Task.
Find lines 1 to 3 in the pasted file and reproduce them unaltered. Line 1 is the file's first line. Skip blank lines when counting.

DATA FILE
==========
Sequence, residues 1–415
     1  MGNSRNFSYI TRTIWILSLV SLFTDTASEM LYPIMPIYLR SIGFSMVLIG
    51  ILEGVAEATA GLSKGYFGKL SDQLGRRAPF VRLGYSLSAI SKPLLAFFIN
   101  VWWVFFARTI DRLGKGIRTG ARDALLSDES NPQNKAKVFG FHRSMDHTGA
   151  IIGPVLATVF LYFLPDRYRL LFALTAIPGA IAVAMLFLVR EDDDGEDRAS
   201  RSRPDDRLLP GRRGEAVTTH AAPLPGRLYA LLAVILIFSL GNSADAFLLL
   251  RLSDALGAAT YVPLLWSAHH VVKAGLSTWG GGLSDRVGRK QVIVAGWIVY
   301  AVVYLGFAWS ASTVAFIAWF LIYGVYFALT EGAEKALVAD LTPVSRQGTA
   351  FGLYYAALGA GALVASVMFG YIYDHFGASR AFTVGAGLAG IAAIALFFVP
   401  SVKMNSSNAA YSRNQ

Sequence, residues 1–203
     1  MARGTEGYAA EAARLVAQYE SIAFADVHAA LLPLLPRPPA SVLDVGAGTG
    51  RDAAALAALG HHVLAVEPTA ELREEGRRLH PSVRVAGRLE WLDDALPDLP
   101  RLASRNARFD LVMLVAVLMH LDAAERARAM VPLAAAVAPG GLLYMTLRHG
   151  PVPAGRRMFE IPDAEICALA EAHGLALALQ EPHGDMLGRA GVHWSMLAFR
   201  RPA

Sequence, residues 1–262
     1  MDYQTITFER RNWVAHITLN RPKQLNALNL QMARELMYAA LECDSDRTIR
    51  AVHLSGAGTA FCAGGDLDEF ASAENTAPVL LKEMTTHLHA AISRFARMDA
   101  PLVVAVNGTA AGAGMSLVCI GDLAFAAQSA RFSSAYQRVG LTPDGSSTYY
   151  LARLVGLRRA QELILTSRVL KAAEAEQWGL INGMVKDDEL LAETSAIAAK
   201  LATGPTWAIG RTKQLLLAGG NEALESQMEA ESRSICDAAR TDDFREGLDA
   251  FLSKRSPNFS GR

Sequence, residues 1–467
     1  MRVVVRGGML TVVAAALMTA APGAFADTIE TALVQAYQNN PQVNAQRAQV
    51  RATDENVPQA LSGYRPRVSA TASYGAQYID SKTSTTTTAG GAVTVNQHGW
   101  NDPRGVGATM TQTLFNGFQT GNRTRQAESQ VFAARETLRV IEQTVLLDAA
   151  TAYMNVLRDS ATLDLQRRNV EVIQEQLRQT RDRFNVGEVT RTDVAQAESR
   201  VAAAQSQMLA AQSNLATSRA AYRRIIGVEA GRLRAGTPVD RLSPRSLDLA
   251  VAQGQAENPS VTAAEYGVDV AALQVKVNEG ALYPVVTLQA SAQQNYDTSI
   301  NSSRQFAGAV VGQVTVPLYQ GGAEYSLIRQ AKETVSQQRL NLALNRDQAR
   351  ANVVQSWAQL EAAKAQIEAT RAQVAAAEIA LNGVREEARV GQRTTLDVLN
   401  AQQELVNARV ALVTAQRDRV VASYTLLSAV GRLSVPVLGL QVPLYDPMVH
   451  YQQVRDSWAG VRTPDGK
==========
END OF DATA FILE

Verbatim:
Sequence, residues 1–415
     1  MGNSRNFSYI TRTIWILSLV SLFTDTASEM LYPIMPIYLR SIGFSMVLIG
    51  ILEGVAEATA GLSKGYFGKL SDQLGRRAPF VRLGYSLSAI SKPLLAFFIN